Teenage girls... they are so paradoxical... they are the most exhilarating, amusing, insightful, lovable, let-your-hair-down people with whom you could ever hope to spend your time. Yet, they are also the most infuriating, emotional, frustrating, trying, heartbreaking souls on earth.

So how do you parent a teenage girl without shattering her into a thousand pieces?

I'll let you know in five years...

Wednesday, January 13, 2010

An Emotional Ambush

It’s funny how your emotions can catch you totally off guard.

That happened to me today at 8:30 this morning. I took my son to school to get him tested for Kindergarten. It’s the same private school that my daughter has attended since she was in Kindergarten. Although I had not stepped foot in the Lower School for three years, everything felt familiar. The display cabinets with colorful sculptures created by the students, the glass walls of the Computer and Science Labs that allow you to view all that goes on inside, the front desk and staff, the glorious library…everything just felt as if we had never moved on.

While I adore the school and love all it has to offer my children, I’ve been dreading the possibility of driving across the river six-to-eight times a day, going to two different campuses with two totally different school schedules. Truthfully, I’ve been finding myself being a little selfish with my time, not wanting to spend anymore of it chauffeuring than I already do. I’ve even caught myself hoping that he won’t get accepted so I can, without regret, send him to our wonderful local elementary school, complete with a bus that would deliver him to school and bring him home safely. A school that, should I need to be on campus, is less than five minutes up the road, not three counties away.

So that has been my mindset since we started the application process in the Fall - that this whole Kindergarten thing is no big deal. Besides, he’s my second born. With my daughter, I welled up as she went off to preschool, Kindergarten and even Middle School. When she was younger, I lingered in the hallways and parking lots, coming to terms with the fact that she was growing up. With my son, I’ve had more of a been-there, done-that attitude toward school, not feeling like I’m losing my baby to the world.

So today when we arrived at the Lower School, I chatted for a moment with the receptionist, showed my son some of the artwork in the cases, and pointed out the cool Science and Computer Labs as well as the splendid library. The lady who was to administer the test came out, introduced herself, and made small talk with my son. When it was time to enter the testing room, my son smothered me with hugs and kisses, walked into the room, waved and cheerfully said, “Bye, Mom!”

While heading toward the parking lot, I smiled about the sweetness of the whole scenario and checked my watch to see how much time I had until I needed to pick him up. A moment later, I was back in my car, heading to the Middle School campus to drop something off for my daughter and write a silly note on her locker. It was there, as I pulled into the Middle School parking lot, that I was blindsided by an emotional smack! A large knot instantly formed in my throat and tears began to pool in my eyes.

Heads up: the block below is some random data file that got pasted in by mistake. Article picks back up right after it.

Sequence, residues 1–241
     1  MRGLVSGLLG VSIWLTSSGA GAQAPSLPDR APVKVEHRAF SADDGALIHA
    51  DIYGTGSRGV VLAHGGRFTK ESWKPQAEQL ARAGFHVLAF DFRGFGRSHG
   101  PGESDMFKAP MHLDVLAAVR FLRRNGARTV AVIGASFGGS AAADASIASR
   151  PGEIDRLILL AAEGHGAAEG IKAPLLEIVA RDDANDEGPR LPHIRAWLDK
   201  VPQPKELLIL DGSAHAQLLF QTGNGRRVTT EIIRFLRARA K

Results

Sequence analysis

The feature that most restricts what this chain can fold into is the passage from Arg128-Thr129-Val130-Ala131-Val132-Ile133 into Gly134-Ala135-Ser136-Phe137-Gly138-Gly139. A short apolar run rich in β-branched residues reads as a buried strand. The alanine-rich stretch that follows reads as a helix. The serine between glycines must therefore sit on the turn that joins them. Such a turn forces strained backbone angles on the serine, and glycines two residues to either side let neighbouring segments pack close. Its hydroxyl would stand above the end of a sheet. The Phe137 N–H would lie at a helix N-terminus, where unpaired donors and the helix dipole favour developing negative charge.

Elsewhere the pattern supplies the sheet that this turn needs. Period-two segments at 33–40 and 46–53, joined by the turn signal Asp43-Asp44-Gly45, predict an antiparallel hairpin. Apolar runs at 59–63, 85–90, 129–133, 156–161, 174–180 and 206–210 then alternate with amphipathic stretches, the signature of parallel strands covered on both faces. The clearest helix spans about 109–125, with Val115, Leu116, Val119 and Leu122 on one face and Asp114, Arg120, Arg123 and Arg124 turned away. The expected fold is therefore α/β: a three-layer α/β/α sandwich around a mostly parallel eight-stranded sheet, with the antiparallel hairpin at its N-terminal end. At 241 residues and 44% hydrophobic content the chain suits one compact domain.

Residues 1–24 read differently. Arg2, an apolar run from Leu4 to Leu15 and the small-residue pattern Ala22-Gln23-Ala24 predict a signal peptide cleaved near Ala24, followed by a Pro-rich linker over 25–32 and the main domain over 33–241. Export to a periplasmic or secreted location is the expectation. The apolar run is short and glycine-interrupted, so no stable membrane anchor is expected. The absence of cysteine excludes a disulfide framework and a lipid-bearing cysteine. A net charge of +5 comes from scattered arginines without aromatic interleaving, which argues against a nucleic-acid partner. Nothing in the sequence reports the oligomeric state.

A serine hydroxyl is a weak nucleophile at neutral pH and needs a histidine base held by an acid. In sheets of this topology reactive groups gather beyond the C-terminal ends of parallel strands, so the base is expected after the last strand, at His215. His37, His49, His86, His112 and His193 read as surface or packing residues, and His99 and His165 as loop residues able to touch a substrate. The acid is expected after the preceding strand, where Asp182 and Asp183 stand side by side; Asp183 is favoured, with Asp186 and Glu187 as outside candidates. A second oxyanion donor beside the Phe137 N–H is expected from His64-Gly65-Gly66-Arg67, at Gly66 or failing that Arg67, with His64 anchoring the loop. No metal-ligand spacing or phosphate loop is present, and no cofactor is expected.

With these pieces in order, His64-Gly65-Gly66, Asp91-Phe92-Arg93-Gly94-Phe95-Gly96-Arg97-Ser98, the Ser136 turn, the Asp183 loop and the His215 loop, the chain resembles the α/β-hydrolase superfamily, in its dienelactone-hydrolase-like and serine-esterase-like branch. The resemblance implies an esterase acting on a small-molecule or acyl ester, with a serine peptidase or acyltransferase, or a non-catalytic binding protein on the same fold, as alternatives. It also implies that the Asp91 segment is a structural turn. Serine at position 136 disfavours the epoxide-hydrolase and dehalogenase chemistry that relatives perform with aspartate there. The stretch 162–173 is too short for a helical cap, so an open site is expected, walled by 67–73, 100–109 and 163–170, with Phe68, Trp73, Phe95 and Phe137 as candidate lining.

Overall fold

Where did this come from?

I’ve been totally cool with this whole Kindergarten thing. Happy actually. Excited for this time to come.

Haven’t I?

I sat there in the parking lot, composing myself before entering the school. Still overwhelmed by the onslaught of emotions that I was unaware I possessed, I began trying to figure out the where and the why of this reaction.

Have I actually missed that place? Am I melancholy, not exhilarated by this pending milestone? I’ve anticipated Kindergarten and truly do look forward to all the ways he’ll grow and learn, all the exciting experiences that await him…yet this is so bittersweet.

Gripping the steering wheel and releasing a puff of air, I realized that I did miss Lower School after all. I have had wonderful experiences as a parent there, and I can imagine many more with my son.

And these milestones that punctuate the fact that my children are growing up are bittersweet, even if I am excited for their next steps. All along, my own selfishness, the dread about my time in the car, back and forth all day, had overshadowed these feelings.

Having my self-centered fog lifted, I became conscious that I was waxing nostalgic. Because I realized that as I observed those familiar stomping grounds and pointed them out to my prospective Kindergarten son, I saw the ghost of a little girl who used to walk those same halls. Talk to those same staff members. Have science and computer classes in those rooms. Took utter pleasure in the solitude of the library…

And now she’s a teenager.

A teenager.

And my son is going to Kindergarten.

I’m about to send him down the same swift-moving path my daughter has already trod.

And it feels like yesterday.

And I miss them already.